The Bulletin Board | Educators for Excellence

Educators for Excellence | August 2019

They say teaching is an art. 

But it is also a profession grounded in skill, science, data, research, and continuous improvement... and that just begins to describe this incredibly noble, complex, rigorous, and intellectually demanding profession.

Teaching also has high stakes considering the decisions we make every day have a direct impact on our students’ futures.

And the average teacher makes over 1,500 education decisions every school day. 

*lightning-fast number crunch

THAT’S FOUR DECISIONS EVERY MINUTE, decisions that directly affect if a child will learn. And that’s just during the school day, sans our extracurricular duties that our students rely on to build their futures.

On top of this is the emotional roller coaster that is celebrating our students’ triumphs and supporting them through crises. Whether it’s staying an hour after school so one of our students can master multiplication or comforting an 11-year-old afraid their parents will be deported, it takes its toll. 

Eh, so while we’re at it, let’s tally that toll: 61% of teachers report being always or often stressed at work, and 58% rated their mental health as “not good.” That matches up with you, readers, where last month 60% of you reported being excessively stressed.

But there is a lot we can do to lessen the stress while educating your students the best you can.

The first thing is to remember that “self-care is not selfish.”

You can’t take care of your students until you’ve taken care of yourself. Despite seemingly endless opportunities for professional development, teachers have paltry access to mental health resources and training. For example, while we have a litany of trainings on our path to certification, a recent report found that only in Alaska do more than half of teacher preparation programs include self-management skills like stress management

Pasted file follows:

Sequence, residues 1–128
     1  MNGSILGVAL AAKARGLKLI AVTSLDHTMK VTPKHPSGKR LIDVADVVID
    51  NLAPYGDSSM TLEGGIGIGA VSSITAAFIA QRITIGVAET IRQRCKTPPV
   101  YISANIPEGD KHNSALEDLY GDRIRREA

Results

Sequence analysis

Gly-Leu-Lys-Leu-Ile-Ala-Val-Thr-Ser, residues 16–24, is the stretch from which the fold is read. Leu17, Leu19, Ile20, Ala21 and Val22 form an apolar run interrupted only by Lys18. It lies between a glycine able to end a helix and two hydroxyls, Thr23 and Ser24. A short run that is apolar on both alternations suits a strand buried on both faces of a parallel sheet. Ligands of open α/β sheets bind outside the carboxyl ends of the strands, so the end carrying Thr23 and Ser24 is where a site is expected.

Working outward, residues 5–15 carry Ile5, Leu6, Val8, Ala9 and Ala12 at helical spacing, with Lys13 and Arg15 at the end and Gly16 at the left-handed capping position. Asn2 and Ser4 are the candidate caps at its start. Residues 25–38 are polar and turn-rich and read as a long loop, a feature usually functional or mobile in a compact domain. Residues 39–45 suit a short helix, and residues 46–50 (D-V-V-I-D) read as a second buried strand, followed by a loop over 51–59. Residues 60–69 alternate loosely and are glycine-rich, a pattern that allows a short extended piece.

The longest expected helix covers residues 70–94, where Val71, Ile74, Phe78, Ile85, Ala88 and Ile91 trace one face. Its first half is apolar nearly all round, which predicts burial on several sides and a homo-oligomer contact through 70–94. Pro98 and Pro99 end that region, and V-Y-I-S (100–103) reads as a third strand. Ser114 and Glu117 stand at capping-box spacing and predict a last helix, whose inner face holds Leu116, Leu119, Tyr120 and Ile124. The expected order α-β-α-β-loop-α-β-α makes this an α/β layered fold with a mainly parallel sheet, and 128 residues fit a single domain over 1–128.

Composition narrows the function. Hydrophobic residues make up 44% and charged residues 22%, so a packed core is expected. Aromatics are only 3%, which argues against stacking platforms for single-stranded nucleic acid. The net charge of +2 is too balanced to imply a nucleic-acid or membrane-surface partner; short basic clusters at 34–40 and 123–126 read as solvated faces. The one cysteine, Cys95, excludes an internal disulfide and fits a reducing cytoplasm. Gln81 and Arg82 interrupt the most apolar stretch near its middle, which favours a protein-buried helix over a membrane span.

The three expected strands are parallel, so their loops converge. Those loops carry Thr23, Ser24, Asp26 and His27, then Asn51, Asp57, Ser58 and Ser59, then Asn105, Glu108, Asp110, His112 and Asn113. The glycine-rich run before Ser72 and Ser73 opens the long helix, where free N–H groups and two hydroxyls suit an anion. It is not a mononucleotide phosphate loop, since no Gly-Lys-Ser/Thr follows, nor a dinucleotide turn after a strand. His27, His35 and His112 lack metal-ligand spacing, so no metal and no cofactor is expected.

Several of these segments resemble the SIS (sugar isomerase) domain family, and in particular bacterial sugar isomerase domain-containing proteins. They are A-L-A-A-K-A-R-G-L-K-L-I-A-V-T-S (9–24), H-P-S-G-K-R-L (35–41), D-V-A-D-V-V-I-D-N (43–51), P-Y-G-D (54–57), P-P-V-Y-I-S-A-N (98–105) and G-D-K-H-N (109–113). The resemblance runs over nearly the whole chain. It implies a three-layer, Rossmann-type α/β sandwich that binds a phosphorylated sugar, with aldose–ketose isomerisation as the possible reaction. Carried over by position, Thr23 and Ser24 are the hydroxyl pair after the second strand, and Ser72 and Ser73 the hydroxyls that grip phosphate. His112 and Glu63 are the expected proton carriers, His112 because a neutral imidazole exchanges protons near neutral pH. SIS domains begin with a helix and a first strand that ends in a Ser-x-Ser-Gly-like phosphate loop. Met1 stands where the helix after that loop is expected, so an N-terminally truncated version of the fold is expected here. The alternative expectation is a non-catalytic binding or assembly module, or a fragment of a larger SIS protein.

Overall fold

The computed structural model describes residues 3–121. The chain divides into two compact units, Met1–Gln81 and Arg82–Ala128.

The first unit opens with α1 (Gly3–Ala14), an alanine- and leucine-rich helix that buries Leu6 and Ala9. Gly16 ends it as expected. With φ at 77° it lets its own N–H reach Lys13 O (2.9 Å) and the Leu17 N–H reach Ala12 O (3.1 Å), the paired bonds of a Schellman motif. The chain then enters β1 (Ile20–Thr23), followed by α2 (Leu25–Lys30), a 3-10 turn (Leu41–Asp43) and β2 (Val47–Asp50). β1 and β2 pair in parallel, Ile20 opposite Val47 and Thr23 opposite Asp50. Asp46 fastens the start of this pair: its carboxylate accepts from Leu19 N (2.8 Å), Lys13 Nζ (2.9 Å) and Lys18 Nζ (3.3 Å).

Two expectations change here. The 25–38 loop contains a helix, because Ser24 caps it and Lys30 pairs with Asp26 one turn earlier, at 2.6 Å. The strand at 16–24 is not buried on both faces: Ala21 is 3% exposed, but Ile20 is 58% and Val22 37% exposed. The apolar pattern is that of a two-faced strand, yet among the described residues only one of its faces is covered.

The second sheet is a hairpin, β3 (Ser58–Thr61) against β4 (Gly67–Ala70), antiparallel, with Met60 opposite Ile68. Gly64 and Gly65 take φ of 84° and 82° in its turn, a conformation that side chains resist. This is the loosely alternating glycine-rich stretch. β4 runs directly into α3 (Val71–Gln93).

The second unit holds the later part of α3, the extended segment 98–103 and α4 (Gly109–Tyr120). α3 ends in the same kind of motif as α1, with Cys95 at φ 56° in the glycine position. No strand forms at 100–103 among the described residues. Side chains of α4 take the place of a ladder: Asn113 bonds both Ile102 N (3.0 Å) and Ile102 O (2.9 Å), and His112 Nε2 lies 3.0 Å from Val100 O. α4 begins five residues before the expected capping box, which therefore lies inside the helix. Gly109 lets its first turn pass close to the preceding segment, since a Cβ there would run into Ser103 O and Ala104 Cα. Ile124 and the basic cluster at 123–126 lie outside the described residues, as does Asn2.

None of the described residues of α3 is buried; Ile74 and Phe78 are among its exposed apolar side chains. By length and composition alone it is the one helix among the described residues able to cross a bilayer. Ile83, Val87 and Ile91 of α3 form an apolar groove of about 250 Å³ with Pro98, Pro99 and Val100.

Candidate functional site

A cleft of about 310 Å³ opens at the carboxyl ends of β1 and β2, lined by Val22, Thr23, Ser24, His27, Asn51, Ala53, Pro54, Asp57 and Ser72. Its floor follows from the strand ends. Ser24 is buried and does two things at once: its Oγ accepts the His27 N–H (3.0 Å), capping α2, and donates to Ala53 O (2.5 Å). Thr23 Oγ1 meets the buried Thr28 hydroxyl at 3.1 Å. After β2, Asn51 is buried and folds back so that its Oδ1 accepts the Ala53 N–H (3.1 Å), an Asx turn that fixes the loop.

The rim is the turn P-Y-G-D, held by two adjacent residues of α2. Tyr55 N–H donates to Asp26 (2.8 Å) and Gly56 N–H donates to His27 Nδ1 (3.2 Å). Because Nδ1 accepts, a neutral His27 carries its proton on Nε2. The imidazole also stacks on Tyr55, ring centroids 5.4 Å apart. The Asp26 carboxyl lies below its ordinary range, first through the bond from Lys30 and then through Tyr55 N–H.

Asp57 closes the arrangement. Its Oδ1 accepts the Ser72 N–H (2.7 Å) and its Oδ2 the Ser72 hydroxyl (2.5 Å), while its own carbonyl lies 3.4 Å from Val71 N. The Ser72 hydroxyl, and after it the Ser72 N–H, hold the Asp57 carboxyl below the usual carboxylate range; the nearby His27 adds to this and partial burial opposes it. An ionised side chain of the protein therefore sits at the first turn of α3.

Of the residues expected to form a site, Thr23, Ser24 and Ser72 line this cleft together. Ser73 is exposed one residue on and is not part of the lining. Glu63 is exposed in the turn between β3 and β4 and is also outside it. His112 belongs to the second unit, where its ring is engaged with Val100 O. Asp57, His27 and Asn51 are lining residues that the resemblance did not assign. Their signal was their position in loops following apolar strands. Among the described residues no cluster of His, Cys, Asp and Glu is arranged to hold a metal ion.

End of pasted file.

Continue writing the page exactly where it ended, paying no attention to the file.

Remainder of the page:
Per usual, teachers are taking on the work themselves to fill the void. Last year in Chicago, E4E teachers gathered together to reflect and plan how to prioritize their mental health. Watch their stories on how mental health has affected their teaching

And when you’re done with those, check out the Chalk Talk from Aisha Pervaiz, a middle school English Language Arts teacher and one of the E4E-Chicago members who attended the event. She explains how all teachers need a community like that to sustain their mental health. “Because, ultimately, the better we are for ourselves, the better we can be for our students.” 

Developing our own social-emotional skills would not only help us teach students these critical skills, but they could also help us stay in the profession we love. Work pressure contributes to the nearly one in ten teachers who leave the profession every year, most before retirement age. And for teachers in schools serving students in poverty, one of the most challenging situations, one in five teachers leave those schools every year, 50% higher rate than in more affluent schools.

But to truly address educators’ mental health means meaningfully addressing the systemic issues that make teaching so difficult in the first place.

To start, we need more opportunities for teacher-leader roles within schools to give educators a voice in decisionmaking and build more fulfilling careers, to build positive school cultures that actively monitor and address the mental health and wellness of students and teachers, and to increase teacher compensation to diminish educators’ economic insecurity.

Speaking of which, help us out with next month’s issue by answering this question: Do you support financial incentives, such as higher pay, for teachers working in hard-to-staff schools?

And in case you needed a reminder, you’re about to walk back into that classroom. Maybe take a gander at these self-care resources? Or, at the very least, take this last glimpse of summer to relax, crack open that cold cream soda - or something stronger (did we just hear a cork pop?), and think about all the things that make it worthwhile to be in this beautifully complex profession.

- The E4E Team

 

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